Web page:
JobKeeper was used as a vehicle for corporate welfare

By Jim Hayes

One of the biggest disgraces in recent Australian history must be the corporate misuse of the JobKeeper payments last year. It did not take long for reports to come in on how certain companies were diverting money to themselves, which was supposed go to workers forced to stay home.

Even worse is that the Morrison government has let them get away with it.

According to a 7.30 report based on information falling into its hands, a loophole using projected turnover falls was used. The point is that these were fictitious falls, unrelated to what really happened, and the fact that that the loophole was available speaks volumes about the relationship between big business and politics.

Companies rorting the system walked away with, as far as we know, $6 billion, and some of them saw their turnover increase. An earlier report from the ABC revealed one in six JobKeeper businesses did not suffer a downturn during the scheme’s first three months.

Given many of the largest of the 35,000 thousand companies that experienced a rising turnover applied for JobKeeper, the real amount taken will be substantially higher. This means quite a lot, when only part of the initial $90 billion outlay was distributed.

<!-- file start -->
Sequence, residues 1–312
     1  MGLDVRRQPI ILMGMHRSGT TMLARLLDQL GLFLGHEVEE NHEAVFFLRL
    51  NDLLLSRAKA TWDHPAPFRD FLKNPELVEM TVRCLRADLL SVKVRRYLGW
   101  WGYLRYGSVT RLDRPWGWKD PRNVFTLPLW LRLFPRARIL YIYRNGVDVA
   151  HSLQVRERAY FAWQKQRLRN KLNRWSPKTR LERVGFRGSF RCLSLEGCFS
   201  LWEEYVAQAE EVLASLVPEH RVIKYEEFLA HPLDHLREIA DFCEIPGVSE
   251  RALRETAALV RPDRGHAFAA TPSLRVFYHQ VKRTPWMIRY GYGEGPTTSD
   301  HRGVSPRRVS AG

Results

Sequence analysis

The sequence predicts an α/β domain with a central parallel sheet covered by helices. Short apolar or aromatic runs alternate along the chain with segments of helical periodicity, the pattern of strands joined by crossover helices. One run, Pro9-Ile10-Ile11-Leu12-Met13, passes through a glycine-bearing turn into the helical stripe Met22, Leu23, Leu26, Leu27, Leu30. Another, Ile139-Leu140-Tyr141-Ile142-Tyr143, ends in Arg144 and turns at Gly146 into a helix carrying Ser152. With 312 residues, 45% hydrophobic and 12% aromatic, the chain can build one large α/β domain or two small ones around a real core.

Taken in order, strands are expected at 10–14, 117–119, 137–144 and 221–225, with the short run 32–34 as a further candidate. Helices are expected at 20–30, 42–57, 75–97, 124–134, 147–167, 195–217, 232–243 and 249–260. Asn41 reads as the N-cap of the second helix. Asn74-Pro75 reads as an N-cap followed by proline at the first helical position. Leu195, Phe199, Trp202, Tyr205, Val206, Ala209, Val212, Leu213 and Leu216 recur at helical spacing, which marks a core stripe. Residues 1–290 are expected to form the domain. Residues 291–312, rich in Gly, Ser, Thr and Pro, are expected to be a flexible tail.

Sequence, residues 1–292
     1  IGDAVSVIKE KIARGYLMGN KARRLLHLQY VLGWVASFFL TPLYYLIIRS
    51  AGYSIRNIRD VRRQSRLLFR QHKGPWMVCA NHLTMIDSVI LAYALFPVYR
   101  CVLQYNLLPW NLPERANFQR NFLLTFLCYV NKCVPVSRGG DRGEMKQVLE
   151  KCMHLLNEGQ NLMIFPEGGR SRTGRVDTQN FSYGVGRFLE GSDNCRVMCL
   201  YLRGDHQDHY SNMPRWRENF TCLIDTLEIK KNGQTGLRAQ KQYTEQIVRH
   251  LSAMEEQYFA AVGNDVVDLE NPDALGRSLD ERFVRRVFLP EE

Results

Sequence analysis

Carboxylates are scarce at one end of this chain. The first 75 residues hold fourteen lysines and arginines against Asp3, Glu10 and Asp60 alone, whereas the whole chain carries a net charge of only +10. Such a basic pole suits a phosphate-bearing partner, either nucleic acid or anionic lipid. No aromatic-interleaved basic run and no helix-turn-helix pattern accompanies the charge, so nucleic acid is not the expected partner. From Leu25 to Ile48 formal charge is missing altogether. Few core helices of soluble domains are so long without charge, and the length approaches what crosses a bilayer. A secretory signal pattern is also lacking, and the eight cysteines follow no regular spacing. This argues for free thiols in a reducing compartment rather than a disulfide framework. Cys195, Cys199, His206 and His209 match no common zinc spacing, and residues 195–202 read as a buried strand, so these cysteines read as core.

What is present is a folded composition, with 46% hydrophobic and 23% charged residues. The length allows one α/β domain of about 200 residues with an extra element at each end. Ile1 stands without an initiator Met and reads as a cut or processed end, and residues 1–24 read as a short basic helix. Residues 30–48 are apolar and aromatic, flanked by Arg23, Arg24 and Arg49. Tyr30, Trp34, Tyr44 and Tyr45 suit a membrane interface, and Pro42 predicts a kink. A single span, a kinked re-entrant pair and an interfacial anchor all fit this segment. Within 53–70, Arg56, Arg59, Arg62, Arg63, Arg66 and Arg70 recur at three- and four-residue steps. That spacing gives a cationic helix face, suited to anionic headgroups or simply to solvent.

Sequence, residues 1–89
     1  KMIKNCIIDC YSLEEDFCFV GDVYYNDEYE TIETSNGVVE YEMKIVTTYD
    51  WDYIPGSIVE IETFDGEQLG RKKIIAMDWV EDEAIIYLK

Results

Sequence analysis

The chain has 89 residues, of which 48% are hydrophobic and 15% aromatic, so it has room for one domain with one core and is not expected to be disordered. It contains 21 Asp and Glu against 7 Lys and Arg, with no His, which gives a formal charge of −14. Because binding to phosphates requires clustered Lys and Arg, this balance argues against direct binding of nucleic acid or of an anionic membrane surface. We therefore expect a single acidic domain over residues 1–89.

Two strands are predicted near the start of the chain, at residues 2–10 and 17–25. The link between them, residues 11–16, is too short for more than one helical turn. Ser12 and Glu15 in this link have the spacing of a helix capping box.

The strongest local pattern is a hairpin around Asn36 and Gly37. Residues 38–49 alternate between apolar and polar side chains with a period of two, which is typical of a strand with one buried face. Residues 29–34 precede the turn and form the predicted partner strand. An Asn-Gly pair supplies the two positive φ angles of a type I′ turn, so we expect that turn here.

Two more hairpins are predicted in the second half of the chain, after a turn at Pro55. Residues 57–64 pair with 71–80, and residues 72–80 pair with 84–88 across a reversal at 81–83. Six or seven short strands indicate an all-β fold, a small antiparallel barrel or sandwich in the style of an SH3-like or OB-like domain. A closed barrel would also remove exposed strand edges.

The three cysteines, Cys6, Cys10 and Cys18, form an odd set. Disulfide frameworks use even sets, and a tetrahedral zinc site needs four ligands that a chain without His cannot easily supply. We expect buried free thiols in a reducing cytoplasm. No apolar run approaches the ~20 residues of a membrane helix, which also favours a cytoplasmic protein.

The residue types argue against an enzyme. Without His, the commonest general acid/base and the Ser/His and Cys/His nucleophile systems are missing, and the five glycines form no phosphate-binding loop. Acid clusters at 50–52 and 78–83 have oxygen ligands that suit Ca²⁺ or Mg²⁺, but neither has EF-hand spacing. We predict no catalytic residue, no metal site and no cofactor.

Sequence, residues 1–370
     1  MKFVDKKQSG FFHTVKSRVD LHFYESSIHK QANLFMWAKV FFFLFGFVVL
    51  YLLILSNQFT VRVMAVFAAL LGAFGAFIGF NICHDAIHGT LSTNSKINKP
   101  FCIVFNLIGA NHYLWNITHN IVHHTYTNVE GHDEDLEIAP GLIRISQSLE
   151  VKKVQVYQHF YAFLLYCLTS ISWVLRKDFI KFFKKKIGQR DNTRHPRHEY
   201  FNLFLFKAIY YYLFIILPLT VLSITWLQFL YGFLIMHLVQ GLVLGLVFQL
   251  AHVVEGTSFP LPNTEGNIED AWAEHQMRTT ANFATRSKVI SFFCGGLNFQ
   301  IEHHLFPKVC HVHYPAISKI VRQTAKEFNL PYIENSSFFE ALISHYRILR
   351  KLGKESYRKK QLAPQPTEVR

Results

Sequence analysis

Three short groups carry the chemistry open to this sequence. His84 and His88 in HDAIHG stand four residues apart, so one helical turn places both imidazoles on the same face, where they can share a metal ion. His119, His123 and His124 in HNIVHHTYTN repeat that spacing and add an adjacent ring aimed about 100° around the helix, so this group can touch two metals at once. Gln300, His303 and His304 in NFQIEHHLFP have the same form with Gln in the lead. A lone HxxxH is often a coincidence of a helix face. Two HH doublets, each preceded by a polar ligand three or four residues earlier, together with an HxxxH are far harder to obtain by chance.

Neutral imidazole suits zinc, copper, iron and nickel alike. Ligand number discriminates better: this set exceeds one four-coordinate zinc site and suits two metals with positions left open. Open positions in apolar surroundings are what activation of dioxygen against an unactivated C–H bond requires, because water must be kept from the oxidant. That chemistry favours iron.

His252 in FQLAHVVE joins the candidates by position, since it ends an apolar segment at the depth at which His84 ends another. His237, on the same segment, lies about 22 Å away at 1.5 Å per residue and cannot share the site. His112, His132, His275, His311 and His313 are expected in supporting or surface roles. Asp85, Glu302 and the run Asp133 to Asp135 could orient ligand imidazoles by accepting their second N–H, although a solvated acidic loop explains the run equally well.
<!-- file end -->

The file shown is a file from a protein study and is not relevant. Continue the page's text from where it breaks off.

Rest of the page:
Since the stories about the misuse of the payment began to circulate last year, pressure on the guilty to hand it back has mounted. The best known case is Harvey Norman. Reacting to the avers publicity, they have decided to hand back what they were given.

This should not hide the fact that most are not returning what they had wrongly taken.

Those who argue that the practice is legitimate, should consider that it took place in the context of a severe pandemic crisis and Australians suffering  a new level of hardship. The amount they took means there was that much less to go to people in real need. How can anyone justify this and still hold a straight face?

The politicians who turn a blind eye to this are the most reprehensible. They have allowed the biggest scam in Australian history.

Is there a connection between the surfacing of news about the scam and the refusal to provide a JobKeeper payments to those genuinely missing out in this year’s lockdowns?

We must ask, why JobKeeper was not provided with a mechanism to recoup money from companies where their records show they are doing well?  Was it because this was always a backdoor to handing money over to mates?

Treasurer Josh Frydenberg has justified allowing these companies to get away with it, by suggesting that jobs were saved. He failed to explain how. Enterprises with rising turnover are not prone to cutting their workforce, and there are indications, that a substantial part of the money was used to pay dividends to billionaire shareholders and millionaire CEOs.

This is but one example of the recent explosion of corporate welfare. It stinks all the more, when it comes along with a simultaneous downward spiral in social security payments in real terms, for to the unemployed, single parents, Age pensioners, disability payments, students, and First Australians.

Pressure moved Harvey Harvey Norman to pay back. Maybe outing other companies would force other to follow.

If we want an end to corporate welfare, Australia’s got to make this loud and clear.

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